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On an unrooted Samsung phone, how can I access and modify the files on both /sdcard/ (internal storage) and the actual SD card, from my computer, as real folders and files (not PTP/MTP/etc which don't allow you to do anything)? I don't care if it's over a physical cable or wireless, etc.

I need to be able to delete files, move them from one folder to another, including from internal storage to sd card and vice versa, view their properties, measure disk usage, compare files, etc. All the things I can do from a normal folder on my hard drive.

I've tried FTP server, SFTP server, etc. and nothing has ever worked.

The best solution I have so far is to take the SD card out of the phone, plug it into a card reader, and plug it into my computer, then run Servers Ultimate on the phone to share the internal storage over FTP, and mount that on my computer using NetDrive2.

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    Possible duplicate of this (with an great 3 method writeup): android.stackexchange.com/questions/91900/… – trishmapow Jan 11 at 8:56
  • @trishmapow That's a good answer. I have no problem with wireless solutions, though, unlike that question. My highest priority is the ability to access the files as if they're on a local drive, so I can move them around, back them up, do duplicate file checking using software that only works on local files, etc. – endolith Jan 11 at 14:41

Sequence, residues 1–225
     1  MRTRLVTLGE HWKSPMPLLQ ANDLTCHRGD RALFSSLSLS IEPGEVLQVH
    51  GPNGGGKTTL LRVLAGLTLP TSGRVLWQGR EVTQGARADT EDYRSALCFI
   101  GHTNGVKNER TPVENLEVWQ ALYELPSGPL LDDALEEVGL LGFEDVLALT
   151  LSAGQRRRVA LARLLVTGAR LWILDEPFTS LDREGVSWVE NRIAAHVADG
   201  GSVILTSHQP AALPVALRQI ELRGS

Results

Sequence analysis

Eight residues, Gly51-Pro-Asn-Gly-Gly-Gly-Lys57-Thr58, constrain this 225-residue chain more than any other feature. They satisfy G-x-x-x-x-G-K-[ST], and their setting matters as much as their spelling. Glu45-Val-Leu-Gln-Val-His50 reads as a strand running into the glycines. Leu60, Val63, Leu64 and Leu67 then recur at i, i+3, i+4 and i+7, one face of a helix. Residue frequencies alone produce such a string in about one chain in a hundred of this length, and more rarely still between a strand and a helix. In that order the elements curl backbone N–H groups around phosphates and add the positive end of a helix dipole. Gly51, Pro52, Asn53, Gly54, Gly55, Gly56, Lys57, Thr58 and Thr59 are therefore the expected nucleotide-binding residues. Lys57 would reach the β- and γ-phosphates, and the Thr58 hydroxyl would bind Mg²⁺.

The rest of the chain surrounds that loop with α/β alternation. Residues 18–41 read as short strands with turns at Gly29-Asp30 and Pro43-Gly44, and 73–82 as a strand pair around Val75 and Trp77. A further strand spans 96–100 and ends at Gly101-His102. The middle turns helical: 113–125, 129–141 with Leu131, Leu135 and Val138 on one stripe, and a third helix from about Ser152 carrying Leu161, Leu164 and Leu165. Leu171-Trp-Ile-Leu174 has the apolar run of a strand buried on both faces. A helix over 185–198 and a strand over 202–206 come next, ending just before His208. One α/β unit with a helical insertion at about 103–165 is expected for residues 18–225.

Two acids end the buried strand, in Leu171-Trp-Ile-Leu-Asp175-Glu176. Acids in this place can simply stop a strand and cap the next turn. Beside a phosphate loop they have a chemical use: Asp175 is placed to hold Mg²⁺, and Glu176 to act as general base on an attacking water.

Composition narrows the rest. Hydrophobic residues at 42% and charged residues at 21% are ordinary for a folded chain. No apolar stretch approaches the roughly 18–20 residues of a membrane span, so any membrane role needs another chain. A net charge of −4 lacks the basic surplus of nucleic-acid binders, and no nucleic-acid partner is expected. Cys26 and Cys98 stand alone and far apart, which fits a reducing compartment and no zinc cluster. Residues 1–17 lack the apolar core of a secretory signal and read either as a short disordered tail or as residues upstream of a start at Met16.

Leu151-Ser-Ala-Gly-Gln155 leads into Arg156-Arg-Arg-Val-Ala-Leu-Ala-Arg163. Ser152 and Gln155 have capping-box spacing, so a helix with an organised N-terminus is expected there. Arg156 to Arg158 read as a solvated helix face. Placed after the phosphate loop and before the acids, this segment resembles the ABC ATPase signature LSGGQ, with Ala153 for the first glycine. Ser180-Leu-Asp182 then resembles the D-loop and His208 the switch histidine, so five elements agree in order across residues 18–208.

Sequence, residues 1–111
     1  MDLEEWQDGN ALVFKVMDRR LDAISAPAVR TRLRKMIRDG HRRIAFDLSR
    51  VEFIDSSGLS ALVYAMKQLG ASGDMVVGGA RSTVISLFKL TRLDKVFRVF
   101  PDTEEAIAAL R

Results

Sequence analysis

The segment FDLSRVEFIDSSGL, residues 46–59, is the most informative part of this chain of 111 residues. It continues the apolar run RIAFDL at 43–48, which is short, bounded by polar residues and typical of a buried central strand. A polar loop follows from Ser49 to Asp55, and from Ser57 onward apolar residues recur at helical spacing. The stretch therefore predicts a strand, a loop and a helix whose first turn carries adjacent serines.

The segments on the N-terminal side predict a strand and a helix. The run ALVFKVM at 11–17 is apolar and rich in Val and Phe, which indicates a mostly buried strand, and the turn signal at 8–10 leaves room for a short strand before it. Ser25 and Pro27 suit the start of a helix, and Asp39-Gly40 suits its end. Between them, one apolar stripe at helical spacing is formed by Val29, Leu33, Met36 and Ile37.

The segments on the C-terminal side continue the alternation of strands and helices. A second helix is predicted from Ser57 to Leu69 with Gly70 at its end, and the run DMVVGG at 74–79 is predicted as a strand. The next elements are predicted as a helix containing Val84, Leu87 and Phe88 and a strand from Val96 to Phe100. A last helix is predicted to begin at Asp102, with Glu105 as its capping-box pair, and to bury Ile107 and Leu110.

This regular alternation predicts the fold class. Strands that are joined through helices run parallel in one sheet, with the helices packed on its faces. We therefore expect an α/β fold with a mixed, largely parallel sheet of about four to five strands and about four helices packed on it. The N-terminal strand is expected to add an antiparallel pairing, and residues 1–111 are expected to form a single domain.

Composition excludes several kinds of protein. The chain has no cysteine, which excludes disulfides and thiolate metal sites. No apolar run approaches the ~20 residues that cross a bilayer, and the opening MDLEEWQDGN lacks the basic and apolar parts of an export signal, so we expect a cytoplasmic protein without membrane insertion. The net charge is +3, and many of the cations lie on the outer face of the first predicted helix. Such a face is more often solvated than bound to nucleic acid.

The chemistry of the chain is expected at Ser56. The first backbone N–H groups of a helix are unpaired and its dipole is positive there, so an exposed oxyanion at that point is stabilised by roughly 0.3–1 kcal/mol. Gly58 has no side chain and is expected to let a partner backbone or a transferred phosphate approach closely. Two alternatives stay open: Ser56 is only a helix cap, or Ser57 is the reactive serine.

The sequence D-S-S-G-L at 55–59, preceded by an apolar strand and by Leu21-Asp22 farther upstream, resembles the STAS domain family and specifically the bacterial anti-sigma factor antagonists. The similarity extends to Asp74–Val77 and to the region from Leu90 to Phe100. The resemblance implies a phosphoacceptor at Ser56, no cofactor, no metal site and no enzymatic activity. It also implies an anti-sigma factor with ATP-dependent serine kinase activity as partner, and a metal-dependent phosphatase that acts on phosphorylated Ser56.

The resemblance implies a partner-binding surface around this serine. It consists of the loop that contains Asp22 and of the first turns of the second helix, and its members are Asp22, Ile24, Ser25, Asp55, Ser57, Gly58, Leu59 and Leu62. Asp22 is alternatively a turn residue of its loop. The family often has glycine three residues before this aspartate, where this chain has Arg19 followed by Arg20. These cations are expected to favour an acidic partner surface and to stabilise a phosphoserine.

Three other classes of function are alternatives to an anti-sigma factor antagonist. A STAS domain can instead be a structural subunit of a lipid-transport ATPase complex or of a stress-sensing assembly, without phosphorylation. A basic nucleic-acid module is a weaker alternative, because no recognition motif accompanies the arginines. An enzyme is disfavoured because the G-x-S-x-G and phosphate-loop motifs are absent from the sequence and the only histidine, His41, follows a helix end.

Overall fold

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You can use Samba server to achieve that, and for that purpose I'd recommend LAN Drive.

TRIAL version (all functionality available) : Limited bandwitch to 0.5 MB/s. Buy the app and transfer up to 50 MB/s (100 times faster) - depending your max wifi speed.

In this way, the device acts as a network drive where you can manipulate files/folders (copy/paste/move/delete etc) as if there were on local drive. However a little well known obstacle is that Windows can access a samba share only on TCP port 445, and on a non-rooted android a normal application can't listen on port 445.

As mentioned arealdy in this post: Using SMB server without root access,

SMB either runs on ports 137-139 (UDP and TCP) using NetBIOS or on newer systems (from Windows Vista onwards) directly on TCP port 445 where in the latter case computer names are resolved by the LLMNR (Link-local Multicast Name Resolution) protocol which runs on UDP port 5355

.

Thus apps not running as root can't bind to unprivileged ports (<1024). This is possible, nevertheless using TCP Port mapping. You need to install a port mapping software.

Instructions

  1. Install the port forwarder - Multi Port Forwarder (the suggested one in App's tutorial)
  2. Configure the port forwarder:
  • The rules we will implement :

  • Rewrite outgoing TCP packets to ip-phone:445 become ip-phone:1445

  • Cloning outgoing UDP packets to any:137 become any:1137

  • Cloning outgoing UDP packets to any:138 become any:1138 Note: We clone the UDP

packets to not break the actual network discovery.

  1. Add TCP, UDP rules and save

enter image description here

  1. Change the ports in the LAN drive settings, click the Save button and Start the server:

enter image description here

  1. Go back to Explorer in the network places (Windows), and access LAN drive

enter image description here

Acknowledgements

LAN drive - Samba Filesharing Server SMB1 and SMB2

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